Of course, it’s not a perfect comparison. Giordano is the Flames’ captain, gets more ice time than Seabrook and for the last two seasons he has put up better offensive numbers. Giordano has also finished in the top-10 in Norris Trophy voting in back-to-back campaigns while Seabrook has never finished higher than 13th. However, Seabrook’s success in the playoffs has to count for quite a bit.
If Seabrook signs a long-term deal than he’ll join Duncan Keith and Niklas Hjalmarsson as Chicago blueliners locked up until at least 2018-19.
Daniel Alfredsson is returning to the Ottawa Senators and this time it will be as a senior advisor of hockey operations.
“I am excited for our fans and our team that Daniel has agreed to begin the second part of his storied hockey career right where he belongs – with the Senators. Daniel has been an exceptional part of our team’s history. He was a tremendous leader on the ice and equally in our community. I very much want him to continue to be part of our hockey club and our city,” said team owner Eugene Melnyk, per the team’s website. “Bringing the Stanley Cup to Ottawa has always been my focus, now more than ever. I believe Daniel’s experience and track record as one of the elite players in our league will bring us closer to that goal.”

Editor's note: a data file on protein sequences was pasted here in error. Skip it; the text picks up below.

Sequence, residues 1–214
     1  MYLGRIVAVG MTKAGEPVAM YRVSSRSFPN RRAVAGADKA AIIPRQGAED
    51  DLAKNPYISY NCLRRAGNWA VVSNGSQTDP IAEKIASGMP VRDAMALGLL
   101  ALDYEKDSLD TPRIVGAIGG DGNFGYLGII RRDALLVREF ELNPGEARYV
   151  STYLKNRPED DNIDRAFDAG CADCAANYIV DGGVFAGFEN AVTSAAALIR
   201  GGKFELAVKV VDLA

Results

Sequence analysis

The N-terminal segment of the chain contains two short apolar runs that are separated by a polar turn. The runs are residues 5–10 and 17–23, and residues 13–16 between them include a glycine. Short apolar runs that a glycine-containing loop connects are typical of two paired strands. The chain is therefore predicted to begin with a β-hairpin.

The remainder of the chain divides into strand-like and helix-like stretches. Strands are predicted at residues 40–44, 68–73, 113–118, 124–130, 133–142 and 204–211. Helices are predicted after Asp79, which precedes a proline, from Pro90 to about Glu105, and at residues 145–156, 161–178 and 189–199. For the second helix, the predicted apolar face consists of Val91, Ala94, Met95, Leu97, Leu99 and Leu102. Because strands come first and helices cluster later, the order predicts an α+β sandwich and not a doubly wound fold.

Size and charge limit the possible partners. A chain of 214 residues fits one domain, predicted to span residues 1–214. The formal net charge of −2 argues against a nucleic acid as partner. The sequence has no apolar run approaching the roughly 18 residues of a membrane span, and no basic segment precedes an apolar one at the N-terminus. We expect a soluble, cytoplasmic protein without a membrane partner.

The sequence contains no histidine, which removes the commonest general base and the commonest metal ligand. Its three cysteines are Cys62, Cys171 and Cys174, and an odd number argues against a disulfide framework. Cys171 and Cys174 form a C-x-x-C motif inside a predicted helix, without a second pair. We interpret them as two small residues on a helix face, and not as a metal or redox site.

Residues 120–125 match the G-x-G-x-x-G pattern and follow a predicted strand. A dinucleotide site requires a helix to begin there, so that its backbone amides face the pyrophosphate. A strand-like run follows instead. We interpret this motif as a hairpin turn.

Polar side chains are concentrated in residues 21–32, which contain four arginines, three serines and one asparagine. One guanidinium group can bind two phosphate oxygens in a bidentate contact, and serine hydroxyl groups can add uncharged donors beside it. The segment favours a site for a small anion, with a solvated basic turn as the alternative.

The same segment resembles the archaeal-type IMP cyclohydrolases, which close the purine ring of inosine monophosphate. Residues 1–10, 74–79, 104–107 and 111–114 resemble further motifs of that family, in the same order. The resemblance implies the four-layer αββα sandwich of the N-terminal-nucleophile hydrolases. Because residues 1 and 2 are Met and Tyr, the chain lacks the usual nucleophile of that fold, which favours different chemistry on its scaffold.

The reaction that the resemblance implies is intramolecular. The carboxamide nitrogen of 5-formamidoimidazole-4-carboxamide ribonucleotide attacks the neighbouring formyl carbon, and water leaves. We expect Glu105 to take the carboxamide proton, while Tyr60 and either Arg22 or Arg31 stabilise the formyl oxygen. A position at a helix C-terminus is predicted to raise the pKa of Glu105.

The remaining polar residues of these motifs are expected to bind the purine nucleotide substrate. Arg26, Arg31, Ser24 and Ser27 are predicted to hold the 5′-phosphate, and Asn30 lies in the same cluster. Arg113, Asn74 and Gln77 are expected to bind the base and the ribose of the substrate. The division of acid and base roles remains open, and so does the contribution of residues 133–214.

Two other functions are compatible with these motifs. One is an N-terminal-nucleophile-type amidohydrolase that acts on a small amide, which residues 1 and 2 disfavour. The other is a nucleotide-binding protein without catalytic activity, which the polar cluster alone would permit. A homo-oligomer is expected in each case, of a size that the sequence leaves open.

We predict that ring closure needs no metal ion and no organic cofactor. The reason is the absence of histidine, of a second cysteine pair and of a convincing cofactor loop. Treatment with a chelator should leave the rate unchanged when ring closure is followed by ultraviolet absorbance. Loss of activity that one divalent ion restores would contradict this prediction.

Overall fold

Alfredsson will be involved with a number of aspects of the franchise including scouting and player development.
He served as the Senators’ captain for 13 seasons and played in 1,246 career contests with Ottawa and the Detroit Red Wings. Although his final game played was with Detroit, he returned to Ottawa when it came time for him to formally announce his retirement on Dec. 4, 2014.
“Retiring from the game but having this chance to remain part of the hockey world, especially in Ottawa, is very special,” Alfredsson said. “The Senators have an outstanding hockey operations department and coaching staff. They have built a fast, highly skilled team along with a solid roster of young prospects. I believe my experience as a player can help provide a boost to this group and allow us to keep the momentum from last year’s exciting season.”